What does additionality mean? There’s this idea that the activity needs to add on something to the existing context. This is a big matter in the case of renewable energies as people are speaking against carbon credits or renewable energy certificates that are actually not adding more renewable energy or removing carbon emissions from the atmosphere.
We are trying to create a system where incentives themselves are not blunted or abused. If for example, we introduce incentives to reduce rat infestation by rewarding those who catch rats, then you risk the abuse where people are breeding rats to be killed and submitted for incentives. The result of this unintended condition is that people are taking actions that may be contrary to what the original intent of the incentives were.
The world is trying to shift towards a low carbon world. Incentives ought to be rejigged and aligned towards reducing carbon emissions. Yet if we allow abuses and undermine the credibility of emission reductions, we’re hurting ourselves. If forest land owners are suddenly making new revenue streams for trees they are already protecting, it might be a problem that there is no additionality for the new carbon assets.
We should only be incentivising activities that will reduce the world’s carbon emissions. Or increasing its sequestration. The problem is that is hard to measure and align standards of what really counts.
One of the biggest argument for capitalism and market economy is the promotion of innovation. Competition promotes innovation; and the common incentive of money (as a placeholder for all things monetised) helps to drive that competition. The challenge is that money is based on those who actually happen to get hold of a lot of it, no matter how.
Consequently, the market economy can develop a lot of innovations that are not useful. An additional brand of shampoo, or another design of reading glasses, or another variation of packaging. Yet these sometimes seemingly useless improvements can be incremental steps towards newer, disruptive products. So even during those times when money is seen to be chasing something frivilous, the march and progress in innovation can still be advancing.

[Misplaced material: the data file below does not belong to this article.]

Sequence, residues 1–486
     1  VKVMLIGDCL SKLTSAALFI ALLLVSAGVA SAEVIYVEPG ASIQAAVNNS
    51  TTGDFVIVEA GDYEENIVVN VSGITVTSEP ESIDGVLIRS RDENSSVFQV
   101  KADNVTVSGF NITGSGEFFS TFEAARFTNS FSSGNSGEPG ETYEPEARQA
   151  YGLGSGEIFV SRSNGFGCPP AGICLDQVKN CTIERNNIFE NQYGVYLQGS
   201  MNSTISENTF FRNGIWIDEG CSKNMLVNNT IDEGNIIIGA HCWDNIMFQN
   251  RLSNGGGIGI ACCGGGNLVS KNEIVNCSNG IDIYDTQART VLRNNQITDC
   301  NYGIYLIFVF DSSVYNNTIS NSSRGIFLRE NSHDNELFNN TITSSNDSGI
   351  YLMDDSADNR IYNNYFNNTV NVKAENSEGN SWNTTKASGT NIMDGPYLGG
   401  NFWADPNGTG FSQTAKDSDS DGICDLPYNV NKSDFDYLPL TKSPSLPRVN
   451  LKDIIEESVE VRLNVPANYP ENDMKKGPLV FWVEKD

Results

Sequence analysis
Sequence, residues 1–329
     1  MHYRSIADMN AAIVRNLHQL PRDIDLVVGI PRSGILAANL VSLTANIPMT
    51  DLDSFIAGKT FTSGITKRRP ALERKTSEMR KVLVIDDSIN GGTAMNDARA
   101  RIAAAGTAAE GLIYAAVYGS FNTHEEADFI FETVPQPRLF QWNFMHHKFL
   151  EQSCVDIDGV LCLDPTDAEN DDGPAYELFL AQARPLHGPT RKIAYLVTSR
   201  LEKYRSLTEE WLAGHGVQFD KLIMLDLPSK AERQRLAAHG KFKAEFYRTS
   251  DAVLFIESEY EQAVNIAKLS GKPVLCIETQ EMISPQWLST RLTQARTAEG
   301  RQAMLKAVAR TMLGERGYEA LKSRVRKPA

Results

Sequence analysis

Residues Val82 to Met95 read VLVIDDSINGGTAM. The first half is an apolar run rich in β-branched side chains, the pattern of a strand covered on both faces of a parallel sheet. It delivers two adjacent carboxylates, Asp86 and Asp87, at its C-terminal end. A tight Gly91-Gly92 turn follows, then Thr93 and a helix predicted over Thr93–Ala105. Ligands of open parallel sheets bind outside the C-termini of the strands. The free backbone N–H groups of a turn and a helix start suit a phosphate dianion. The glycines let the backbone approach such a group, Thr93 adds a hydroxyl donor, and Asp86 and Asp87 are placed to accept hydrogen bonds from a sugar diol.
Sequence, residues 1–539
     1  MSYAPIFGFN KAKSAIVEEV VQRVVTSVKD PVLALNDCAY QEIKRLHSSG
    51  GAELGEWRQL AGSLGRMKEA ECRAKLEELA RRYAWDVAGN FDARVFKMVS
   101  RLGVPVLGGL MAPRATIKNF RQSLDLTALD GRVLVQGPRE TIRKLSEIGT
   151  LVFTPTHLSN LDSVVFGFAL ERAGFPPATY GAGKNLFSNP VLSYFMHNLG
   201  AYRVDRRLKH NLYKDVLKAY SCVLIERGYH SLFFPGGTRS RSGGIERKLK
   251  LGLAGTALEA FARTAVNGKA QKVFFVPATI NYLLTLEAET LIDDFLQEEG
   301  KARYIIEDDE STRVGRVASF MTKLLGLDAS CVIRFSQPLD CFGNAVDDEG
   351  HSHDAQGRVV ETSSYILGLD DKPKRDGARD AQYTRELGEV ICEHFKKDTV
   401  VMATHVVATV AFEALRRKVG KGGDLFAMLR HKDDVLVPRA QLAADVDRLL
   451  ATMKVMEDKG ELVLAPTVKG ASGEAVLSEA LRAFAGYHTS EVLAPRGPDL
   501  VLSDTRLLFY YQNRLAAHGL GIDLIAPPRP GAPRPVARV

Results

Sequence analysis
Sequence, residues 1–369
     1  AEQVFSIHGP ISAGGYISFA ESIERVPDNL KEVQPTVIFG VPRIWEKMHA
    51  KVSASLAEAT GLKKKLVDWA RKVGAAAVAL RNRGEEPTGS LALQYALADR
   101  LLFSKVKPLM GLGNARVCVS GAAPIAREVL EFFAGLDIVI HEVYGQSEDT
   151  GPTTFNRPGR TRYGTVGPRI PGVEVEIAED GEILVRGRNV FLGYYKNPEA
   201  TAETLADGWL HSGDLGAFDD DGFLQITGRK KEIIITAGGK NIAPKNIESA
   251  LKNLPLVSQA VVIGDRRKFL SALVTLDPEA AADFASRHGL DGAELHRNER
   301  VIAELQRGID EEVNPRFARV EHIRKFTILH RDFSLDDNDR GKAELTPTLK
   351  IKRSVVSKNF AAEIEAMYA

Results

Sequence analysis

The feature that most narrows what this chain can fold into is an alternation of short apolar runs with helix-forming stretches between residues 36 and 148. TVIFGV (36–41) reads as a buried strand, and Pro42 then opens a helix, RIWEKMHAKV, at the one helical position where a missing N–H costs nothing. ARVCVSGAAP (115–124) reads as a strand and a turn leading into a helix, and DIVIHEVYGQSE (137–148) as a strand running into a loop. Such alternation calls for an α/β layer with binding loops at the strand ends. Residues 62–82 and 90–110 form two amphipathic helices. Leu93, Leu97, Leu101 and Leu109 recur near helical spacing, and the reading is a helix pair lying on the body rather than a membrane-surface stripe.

Yet we are unlikely to rely purely on the movements in the market to develop innovations that we as humans truly need. Often, innovations that eventually change the world involves some degree of intentionality and sense of mission. The market for innovation isn’t as much about dollars and cents, as compared with purpose and mission.
One of the most power tools that economics have brought to the world is cost-benefit analysis and really assessing what is the constitution of cost or benefits at various levels: individuals, firms, regional government, national government, countries.
Where it fails is the ability to properly ascribe who cares about what. The assumption around rational, selfish agents cannot possibly hold in reality. On the other hand, there is radical inconsistencies when you perform such optimisation on behalf of “government” which is staffed by human agents and with politicians have their own agenda. Over the years, these poor assumptions have made room for more colourful, richer analysis of agents, decision-making units at different levels.
Now if we move our attention to the dimension of time rather than perspective of our agents, we realise another issue. We can assess somehow the cost and benefits of today if we use our imaginations but to stretch it to the future would require even more manipulations. And the uncertainty make render the exercise less fruitful than one may expect.
Alas, we continue to use these tools expecting them to work while not having proper assessment of whether they work or not when the outcomes play out in reality. It is not the issue of calculating those figures but how we incorporate them into our judgment that matters. Yet with limited budgets and resources, most have chosen to opt for a semblance of the exercise, paying a smaller cost but getting almost none of the benefits.